e. Smooth, exophytic papules and nodules (these papules are
not smooth)
8
Clinical Features of Verruca
Vulgaris
• Hyperkeratotic, exophytic
(growing outward), domeshaped papules or nodules
• Most common on fingers,
dorsal hands, knees or elbows
but may occur anywhere
• Punctate black dots
representing thrombosed
capillaries
• May koebnerize – spread with
skin trauma
9
Case One: Question 2
 Verruca vulgaris is caused by:
a.
b.
c.
d.
e.
Human immunodeficiency virus
Human papillomavirus
Pox virus
Herpes virus
Varicella-zoster virus
10
Case One: Question 2
Answer: b
 Verruca vulgaris is caused by:
a.
b.
c.
d.
e.
Human immunodeficiency virus
Human papillomavirus
Pox virus
Herpes virus
Varicella-zoster virus
11
Human Papillomavirus (HPV):
Overview
 Warts are caused by HPV
 HPV infects skin and mucosal epithelia
 Infection causes hyperplasia of the epithelium =
a wart
 HPV infects the basal keratinocytes of cutaneous
and mucosal epithelium
12
Role of HPV in Cutaneous
Disease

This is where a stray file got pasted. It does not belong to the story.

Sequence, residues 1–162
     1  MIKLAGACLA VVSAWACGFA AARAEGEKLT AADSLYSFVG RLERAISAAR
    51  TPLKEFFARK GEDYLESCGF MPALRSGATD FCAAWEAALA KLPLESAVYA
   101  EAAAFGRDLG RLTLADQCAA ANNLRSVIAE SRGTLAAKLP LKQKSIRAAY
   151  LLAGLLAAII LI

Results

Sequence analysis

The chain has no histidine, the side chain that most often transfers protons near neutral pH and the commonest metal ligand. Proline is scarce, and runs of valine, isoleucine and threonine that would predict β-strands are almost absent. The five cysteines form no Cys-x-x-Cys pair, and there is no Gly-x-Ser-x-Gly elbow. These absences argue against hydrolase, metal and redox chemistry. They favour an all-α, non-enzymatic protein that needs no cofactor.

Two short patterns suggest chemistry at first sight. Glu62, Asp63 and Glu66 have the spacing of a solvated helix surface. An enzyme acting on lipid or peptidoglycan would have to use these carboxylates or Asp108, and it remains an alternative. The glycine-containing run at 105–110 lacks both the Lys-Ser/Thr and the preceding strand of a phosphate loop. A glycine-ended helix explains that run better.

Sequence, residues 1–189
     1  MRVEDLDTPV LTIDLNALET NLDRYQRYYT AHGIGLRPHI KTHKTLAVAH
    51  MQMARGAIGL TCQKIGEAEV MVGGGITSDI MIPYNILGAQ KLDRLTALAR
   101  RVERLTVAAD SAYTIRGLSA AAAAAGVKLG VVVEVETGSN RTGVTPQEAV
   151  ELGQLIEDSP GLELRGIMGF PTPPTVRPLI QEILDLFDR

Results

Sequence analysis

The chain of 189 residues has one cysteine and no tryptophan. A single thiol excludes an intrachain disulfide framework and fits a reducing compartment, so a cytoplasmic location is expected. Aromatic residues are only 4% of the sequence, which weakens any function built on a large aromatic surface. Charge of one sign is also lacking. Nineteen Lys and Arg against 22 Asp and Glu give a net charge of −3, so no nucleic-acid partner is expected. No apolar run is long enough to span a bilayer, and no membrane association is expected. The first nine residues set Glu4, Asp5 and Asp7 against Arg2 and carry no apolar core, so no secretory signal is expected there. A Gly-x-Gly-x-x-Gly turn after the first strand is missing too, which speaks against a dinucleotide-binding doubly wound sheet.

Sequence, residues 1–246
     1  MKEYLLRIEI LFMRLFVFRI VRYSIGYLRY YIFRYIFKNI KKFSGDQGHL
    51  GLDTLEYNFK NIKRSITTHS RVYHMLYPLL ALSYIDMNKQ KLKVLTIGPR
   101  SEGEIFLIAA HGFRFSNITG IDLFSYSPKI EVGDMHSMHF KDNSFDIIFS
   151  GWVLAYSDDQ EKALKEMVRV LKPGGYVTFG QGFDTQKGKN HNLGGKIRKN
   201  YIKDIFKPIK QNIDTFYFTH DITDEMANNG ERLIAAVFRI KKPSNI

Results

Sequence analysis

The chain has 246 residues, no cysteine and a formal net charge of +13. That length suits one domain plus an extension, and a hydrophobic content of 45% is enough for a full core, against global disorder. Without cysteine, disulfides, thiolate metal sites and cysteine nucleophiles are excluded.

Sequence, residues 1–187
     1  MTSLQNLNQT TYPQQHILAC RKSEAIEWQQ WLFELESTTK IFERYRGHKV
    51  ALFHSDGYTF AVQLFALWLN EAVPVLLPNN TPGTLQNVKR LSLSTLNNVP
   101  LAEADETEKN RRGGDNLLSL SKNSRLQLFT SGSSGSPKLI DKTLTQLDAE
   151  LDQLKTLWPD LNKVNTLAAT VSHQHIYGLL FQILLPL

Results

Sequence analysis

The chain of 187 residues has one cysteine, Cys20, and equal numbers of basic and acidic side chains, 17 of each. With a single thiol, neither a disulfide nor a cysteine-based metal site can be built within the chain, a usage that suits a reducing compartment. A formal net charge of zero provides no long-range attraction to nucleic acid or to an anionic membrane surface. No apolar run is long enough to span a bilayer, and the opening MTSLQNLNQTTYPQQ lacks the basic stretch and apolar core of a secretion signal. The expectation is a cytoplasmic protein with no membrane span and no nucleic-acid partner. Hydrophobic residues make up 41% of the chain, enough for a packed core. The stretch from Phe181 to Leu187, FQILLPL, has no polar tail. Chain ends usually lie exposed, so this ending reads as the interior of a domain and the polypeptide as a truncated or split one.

 HPV can be transmitted by skin-to-skin
contact or through contaminated surfaces
or objects
• Patients can also spread virus from a wart to
unaffected skin
 The type of HPV influences the wart morphology
Type of Wart
HPV Type
Verruca vulgaris: common warts
HPV 2,4
Verrucae plana: flat warts
HPV 3, 10
Palmoplantar warts
HPV 1
Condylomata acuminata: external
genital warts
HPV 6, 11, 16, 18, 31,
and more
13
Epidemiology
 One of the top three skin problems in
children
 Peak prevalence is during adolescence
(13-16 years old)
 about 5-20% of teens are affected
 Also common younger and older people
 School-age children (5-12 years) 1-5% also
commonly found in young adults
 Males and females are equally affected
14
Clinical Features of Verrucae
Planae: Flat Warts
• Skin-colored or pink
• Smooth-surfaced,
slightly elevated, flattopped papules
• Dorsal hands, arms,
face (exposed
surfaces)
15
Clinical Features of Palmoplantar
Verruca
• Thick, endophytic
(depressed into skin of
sole) papules
• Mosaic warts: plantar
warts coalescing into
large plaques
16
Clinical Features of Palmoplantar